HOGAN IN NEW HAMPSHIRE FOR CHRISTIE: Writes People magazine: N.J. Chris Christie hasn’t taken off his “Hogan Strong” wristband since his friend Maryland Gov. Larry Hogan was diagnosed with non-Hodgkins lymphoma in June, but now that Hogan is “100% cancer-free,” Christie cut off the band in a big way. Hogan joined the presidential hopeful on the campaign trail in New Hampshire on Sunday where he took a pair of scissors to Christie’s green wristband to mark his remission. Here’s the video on Christie’s Facebook page. (Photo below).

Hogan cuts Christie wristband

BALTIMORE COUNTY’S GRINCH: Sun columnist Dan Rodricks offers his “wish for the holiday season: If Del. Patrick McDonough manages to find out where poor people plan to live in Baltimore or Harford counties, he bakes them a cake, or maybe gingerbread cookies, or maybe a lasagna — anything that serves as a housewarming treat. My wish is that … McDonough becomes more gentle, and instead of criticizing efforts to better the lives of the poor, he will get involved in those efforts himself.”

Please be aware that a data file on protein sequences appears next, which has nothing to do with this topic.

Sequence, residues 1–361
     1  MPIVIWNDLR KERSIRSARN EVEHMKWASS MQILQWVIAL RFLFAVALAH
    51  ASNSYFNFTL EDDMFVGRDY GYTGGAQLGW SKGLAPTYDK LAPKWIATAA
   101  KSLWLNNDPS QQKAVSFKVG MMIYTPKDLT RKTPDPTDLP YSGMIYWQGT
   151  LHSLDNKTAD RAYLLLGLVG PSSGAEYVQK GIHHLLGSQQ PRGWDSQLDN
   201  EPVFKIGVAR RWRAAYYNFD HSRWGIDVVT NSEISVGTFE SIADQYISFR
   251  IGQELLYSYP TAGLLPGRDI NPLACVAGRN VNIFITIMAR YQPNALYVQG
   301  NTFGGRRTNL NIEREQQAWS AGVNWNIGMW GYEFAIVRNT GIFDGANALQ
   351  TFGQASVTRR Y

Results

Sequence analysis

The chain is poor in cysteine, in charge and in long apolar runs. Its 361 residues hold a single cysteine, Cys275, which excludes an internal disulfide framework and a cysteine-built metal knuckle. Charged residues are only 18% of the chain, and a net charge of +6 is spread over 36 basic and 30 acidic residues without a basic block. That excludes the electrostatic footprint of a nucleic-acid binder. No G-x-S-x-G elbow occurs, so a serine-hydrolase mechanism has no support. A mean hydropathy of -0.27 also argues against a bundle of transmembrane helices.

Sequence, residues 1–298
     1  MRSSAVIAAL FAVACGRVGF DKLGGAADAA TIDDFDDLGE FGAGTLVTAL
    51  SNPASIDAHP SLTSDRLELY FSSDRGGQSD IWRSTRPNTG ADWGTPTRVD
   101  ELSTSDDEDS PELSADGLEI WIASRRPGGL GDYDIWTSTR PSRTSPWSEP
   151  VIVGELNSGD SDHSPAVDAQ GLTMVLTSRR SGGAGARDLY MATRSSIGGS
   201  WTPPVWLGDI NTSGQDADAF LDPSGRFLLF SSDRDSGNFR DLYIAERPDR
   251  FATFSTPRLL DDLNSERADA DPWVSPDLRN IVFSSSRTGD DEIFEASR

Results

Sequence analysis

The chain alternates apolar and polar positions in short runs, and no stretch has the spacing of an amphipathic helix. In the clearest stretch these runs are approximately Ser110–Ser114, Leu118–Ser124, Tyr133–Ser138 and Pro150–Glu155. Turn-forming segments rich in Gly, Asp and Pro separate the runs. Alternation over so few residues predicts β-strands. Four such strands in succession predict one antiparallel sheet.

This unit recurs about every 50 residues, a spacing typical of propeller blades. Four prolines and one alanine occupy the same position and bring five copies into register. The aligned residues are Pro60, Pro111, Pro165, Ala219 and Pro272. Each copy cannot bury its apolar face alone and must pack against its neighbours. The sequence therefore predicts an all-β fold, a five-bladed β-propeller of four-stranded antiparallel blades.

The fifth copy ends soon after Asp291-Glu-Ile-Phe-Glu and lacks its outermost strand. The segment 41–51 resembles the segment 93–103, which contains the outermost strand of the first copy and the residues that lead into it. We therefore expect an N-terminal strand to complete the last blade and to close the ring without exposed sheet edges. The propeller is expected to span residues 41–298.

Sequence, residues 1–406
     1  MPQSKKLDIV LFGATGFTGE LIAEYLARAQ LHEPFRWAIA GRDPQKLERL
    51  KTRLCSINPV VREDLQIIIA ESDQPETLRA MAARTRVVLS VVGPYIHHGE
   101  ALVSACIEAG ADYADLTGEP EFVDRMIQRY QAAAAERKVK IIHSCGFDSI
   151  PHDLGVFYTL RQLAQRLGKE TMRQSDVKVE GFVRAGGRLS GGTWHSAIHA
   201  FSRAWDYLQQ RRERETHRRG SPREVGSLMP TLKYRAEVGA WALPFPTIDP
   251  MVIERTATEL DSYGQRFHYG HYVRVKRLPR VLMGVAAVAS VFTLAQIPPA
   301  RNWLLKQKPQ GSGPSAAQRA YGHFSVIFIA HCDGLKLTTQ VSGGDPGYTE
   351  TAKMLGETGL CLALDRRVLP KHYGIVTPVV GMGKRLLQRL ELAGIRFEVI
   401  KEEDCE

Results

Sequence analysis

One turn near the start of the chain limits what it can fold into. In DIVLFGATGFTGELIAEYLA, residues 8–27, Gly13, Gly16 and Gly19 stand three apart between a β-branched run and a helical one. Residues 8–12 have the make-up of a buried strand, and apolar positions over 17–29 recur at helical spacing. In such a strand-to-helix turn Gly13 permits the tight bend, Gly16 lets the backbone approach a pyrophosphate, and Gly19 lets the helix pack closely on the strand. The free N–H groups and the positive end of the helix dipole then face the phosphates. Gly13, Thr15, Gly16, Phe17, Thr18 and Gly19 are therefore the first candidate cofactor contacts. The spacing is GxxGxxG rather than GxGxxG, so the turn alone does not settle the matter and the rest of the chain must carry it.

NO HOME FOR TANEY BUST: The editorial board for the Frederick News Post writes that Frederick Mayor Randy McClement has been trying to find a home for the Roger Brooke Taney bust since an October resolution was passed by the Board of Aldermen to relocate it from the front of City Hall. But even the Roger Brooke Taney House doesn’t want the Roger Brooke Taney bust. It turns out that the Historical Society of Frederick County owns a second bust of Taney made by the same artist, but isn’t displaying it either, even at the Taney House.

NEW JUDGES IN ARUNDEL: Gov. Larry Hogan has selected two women to serve as judges in Anne Arundel County. Stacy McCormack and Donna Schaeffer will hear cases in Anne Arundel Circuit Court. Hogan made his decision after reviewing submissions from the judicial nominating commission, Elisha Sauers of the Annapolis Capital writes.

JAWANDO & THE SHKRELI DONATION: Bill Turque of the Post follows up on an earlier story about Will Jawando, a Democratic candidate for Congress in Maryland’s 8th District, receiving campaign contributions from Martin Shkreli, the pharmaceutical executive and hedge fund manager charged Thursday with securities fraud.